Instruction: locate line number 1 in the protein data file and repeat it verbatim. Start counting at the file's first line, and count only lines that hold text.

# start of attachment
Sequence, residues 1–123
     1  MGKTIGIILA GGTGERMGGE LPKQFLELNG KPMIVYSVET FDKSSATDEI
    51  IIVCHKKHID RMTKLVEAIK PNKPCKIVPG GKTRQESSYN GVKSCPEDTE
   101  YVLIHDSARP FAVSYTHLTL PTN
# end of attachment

Sequence, residues 1–123